By Leo Wolfson, Cowboy State Daily
If a Rock Springs veterinarian is successful in his bid for the governor’s office, he will have federal lands within Wyoming’s border turned over to the state, he said Wednesday.
In comments prepared — but not delivered — for a news conference to announce his one of his campaign issues, Dr. Rex Rammell said he wants to see 30 million acres of federal land owned and managed by the state.
“Will [Wyoming voters] elect a governor who will make a state’s right stand that will result in 30 million acres of public lands being taken over by the state and giving the fossil fuel industry the green light to produce?” he asked.
Rammell was to have delivered the comments during a news conference at 1 p.m. Wednesday on the steps of the Capitol.
However, no one was on the Capitol steps at 1 p.m. Wednesday.
Rammell said he was at the Capitol, but a reporter for Cowboy State Daily saw no sign of the candidate on the Capitol steps or inside the Capitol itself.
Rammell said he showed up for the event early and talked to one person, but when no one else turned up, he sat on a bench for a few minutes and then left.
Rammell ran for the governor’s office in 2018 and for the state’s lone U.S. House seat in 2016.
In his prepared statements, Rammell said on day one of his administration as governor, he would order the Wyoming Highway Patrol to walk all federal land managers out of their offices.
“The BLM, The Forest Service, The Park Service, U.S. Fish and Wildlife, and others… GONE!” his prepared remarks said.
However, former Attorney General Pat Crank told Cowboy State Daily that the likelihood of this happening, even if Rammell did win the election, was zero.
“That’s an idiotic claim,” Crank said. “No state, which has membership in the United States, has the power to seize federal assets, nor order federal officials to depart the state. Mr. Rammell’s claims have no basis in law or fact.”
Rammell based his land seizure plan on the 10th Amendment of the U.S. Constitution, which states “The powers not delegated to the United States by the Constitution, nor prohibited by it to the states, are reserved to the states respectively, or to the people.”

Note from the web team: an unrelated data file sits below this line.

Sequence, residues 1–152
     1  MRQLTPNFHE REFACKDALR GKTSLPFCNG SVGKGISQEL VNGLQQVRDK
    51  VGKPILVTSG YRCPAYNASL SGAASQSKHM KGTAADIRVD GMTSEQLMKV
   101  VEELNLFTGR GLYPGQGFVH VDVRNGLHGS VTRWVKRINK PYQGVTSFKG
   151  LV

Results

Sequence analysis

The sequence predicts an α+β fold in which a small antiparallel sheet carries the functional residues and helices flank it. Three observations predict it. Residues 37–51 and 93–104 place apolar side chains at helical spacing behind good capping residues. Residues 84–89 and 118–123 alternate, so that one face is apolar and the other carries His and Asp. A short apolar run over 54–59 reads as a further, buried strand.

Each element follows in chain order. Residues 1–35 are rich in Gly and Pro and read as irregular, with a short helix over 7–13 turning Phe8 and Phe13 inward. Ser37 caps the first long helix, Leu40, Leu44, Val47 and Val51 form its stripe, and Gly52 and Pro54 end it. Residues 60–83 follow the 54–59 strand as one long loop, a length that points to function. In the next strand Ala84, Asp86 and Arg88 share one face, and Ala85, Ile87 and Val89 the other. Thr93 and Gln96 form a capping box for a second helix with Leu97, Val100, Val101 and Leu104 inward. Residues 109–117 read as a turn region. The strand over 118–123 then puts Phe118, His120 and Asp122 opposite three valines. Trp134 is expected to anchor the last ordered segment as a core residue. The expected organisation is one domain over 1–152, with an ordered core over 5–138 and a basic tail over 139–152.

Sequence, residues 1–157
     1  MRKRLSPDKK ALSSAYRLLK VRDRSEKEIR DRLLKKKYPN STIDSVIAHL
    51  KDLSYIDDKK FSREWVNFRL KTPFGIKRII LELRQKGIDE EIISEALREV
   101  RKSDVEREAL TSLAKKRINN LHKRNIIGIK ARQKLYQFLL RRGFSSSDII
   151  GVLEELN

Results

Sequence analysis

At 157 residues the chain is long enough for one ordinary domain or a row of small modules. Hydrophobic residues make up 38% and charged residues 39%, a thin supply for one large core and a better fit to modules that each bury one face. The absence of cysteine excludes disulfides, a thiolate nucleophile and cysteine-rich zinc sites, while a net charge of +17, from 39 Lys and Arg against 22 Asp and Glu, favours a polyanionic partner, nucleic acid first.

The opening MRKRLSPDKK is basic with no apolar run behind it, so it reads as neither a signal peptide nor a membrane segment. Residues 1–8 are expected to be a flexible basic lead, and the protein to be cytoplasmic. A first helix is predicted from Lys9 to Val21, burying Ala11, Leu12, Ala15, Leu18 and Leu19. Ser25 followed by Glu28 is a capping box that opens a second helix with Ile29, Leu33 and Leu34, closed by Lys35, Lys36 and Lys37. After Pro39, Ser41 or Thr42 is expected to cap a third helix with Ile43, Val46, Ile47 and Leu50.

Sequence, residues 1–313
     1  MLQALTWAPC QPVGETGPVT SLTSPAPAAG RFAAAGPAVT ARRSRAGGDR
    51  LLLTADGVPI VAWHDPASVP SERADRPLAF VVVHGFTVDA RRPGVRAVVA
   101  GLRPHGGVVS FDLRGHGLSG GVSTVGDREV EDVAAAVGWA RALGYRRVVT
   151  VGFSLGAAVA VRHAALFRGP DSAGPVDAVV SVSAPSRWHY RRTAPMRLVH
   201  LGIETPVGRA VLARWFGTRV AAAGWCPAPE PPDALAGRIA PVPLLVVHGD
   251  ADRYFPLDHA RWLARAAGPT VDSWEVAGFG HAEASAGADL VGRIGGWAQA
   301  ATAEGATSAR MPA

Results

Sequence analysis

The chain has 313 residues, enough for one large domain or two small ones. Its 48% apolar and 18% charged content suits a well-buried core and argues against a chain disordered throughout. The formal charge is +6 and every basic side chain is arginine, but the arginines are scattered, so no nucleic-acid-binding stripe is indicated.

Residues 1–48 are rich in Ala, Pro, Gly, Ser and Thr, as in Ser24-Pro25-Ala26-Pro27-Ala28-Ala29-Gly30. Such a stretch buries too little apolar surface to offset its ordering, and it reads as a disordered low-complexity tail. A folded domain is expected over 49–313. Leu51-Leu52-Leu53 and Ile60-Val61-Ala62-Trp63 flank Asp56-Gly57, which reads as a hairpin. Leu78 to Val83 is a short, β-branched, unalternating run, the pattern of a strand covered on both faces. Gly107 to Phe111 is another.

Rammell said he decided the amendment offers an avenue for the states to take their powers back and solve many of the country’s problems. He said the founding fathers never intended for one-third of the nation’s lands to be run by the federal government.
But ultimately, Crank said, “every scrap” of U.S. land belongs to the federal government.
Crank said the 10th Amendment has been argued as a justification for many smaller land use claims in the past, with the states never winning out against the federal government.
He said a transfer of even as little as 1,000 acres of federal land to private or state ownership usually takes about 10-12 years, so he has a hard time envisioning Rammell’s plans.
“This is comparable to creating a civil war between Wyoming and the United States,” Crank said. “Is the federal government really going to stand back, with all that tax revenue generated from fed lands, and say ‘We’re just going to let you keep all that. Yellowstone (National Park) is not a national treasurer, it’s a treasure for just Wyoming.’ It’s absurd.”
Rammell acknowledged the government probably won’t take the seizure of 30 million acres lightly and said the matter would probably end up in federal court.
But even then, he said Wyoming would still have the upper hand by refusing to recognize the government’s jurisdiction by not showing up for court. He said inevitably, other Western states will join in on the fight.
“After all the dust settles, the Western states will have their land back,” he said.
As far as management of the new lands, Rammell said the state would simply alter all the signs on the land to reflect Wyoming ownership and use the government’s share of mineral royalties, which would be turned over to the state, to pay for management of the 30 million acres.
“We’re taking our land back, we’re taking it and there’s not a thing they could do to stop it,” he said.